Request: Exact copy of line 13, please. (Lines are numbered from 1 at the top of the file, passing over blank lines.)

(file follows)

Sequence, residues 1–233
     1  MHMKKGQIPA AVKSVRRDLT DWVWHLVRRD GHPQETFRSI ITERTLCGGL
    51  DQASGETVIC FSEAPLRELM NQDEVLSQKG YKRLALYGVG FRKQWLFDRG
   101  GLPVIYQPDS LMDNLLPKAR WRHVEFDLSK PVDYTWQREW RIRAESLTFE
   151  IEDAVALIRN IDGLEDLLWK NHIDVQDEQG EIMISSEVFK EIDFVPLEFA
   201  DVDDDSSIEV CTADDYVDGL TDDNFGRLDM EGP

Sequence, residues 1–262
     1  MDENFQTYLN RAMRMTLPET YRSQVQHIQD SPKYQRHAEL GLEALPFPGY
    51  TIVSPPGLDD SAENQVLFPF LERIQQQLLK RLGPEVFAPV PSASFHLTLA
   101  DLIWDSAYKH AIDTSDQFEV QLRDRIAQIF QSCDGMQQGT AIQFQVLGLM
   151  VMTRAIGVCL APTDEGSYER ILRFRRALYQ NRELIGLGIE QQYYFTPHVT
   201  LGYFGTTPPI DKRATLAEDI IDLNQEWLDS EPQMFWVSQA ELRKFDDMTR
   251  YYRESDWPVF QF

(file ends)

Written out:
   251  YYRESDWPVF QF